While the complainant’s testimony is the only source of direct evidence as to her state of mind, credibility must still be assessed by the trial judge, or jury, in light of all the evidence. It is open to the accused to claim that the complainant’s words and actions, before and during the incident, raise a reasonable doubt against her assertion that she, in her mind, did not want the sexual touching to take place.
Thus, evidence of the circumstances surrounding an alleged sexual assault can ground both permissible and impermissible inferences on the issue of consent. In this context and in sexual assault cases more broadly, trial judges would benefit from further appellate guidance on how to distinguish legitimate lines of reasoning from prohibited myths and stereotypes.
For a real “oldie-but goodie” see “From the Far West: The Erosion of the Presumption of Innocence”, a 1989 article in For the Defence, by Richard C.C. Peck, Q.C. (Vol. 10, no. 4, p. 11, December, 1989 – QuickLaw):
Included in the presumption of innocence is the necessity that the trial of the accused be one that is manifestly fair. Yet is it fair to put someone on trial for an offence where the cross-examination of the chief witness for the Crown is greatly restricted? The is precisely the result of s. 276 of the Criminal Code. Proponents of this legislation argue that a complainant’s prior sexual conduct is irrelevant to the charge before the Court and that cross-examination in this area amounts to nothing more than a scurrilous attack on the complainant’s character aimed at demeaning the witness in the eyes of the trier of fact for the sole purpose of reducing his or her credibility. It is conceded that in a small minority of cases this is so, but the unfortunate consequences of this legislation are such as to effectively prohibit an accused from cross-examining where there is reason to believe that a valid defence may arise from the cross-examination. Although the Criminal Code creates exceptions to this limitation on cross-examination these exceptions are seldom permitted. In the result the legislation has created an evil greater than the cure it was aimed at. It has also had the effect of creating a special class of witness subject to protections from cross-examination not enjoyed by other witnesses.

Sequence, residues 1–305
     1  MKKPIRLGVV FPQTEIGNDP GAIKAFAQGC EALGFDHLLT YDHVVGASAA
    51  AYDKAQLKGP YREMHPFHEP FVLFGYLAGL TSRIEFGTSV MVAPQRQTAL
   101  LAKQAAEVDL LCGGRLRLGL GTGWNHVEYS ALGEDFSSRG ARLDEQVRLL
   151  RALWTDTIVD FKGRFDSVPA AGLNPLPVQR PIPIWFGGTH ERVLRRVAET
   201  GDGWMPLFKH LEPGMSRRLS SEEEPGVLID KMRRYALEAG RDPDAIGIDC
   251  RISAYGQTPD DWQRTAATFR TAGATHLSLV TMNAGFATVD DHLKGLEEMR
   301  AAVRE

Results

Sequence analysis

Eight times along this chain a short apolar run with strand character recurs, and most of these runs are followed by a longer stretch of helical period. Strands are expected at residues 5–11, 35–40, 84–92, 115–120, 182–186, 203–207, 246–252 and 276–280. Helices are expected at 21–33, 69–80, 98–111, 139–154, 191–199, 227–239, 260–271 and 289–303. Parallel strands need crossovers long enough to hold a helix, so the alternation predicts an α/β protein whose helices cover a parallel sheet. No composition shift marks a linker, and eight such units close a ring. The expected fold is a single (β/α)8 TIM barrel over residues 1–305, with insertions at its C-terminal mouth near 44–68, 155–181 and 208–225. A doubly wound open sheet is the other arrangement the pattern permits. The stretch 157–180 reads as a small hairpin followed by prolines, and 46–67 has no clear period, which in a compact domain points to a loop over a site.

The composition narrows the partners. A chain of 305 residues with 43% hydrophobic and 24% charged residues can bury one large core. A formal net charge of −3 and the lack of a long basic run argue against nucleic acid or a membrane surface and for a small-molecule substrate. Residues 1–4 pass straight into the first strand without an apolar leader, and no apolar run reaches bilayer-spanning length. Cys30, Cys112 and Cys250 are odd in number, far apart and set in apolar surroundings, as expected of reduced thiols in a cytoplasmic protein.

Put simply, we can — and must — do better. With forthcoming reasons expected from our Supreme Court in Her Majesty the Queen v. G.F., et al., 2020 CanLII 227 (SCC), perhaps it can show us all that it is capable of more than just dangerous rhetoric when it comes to sexual assault law.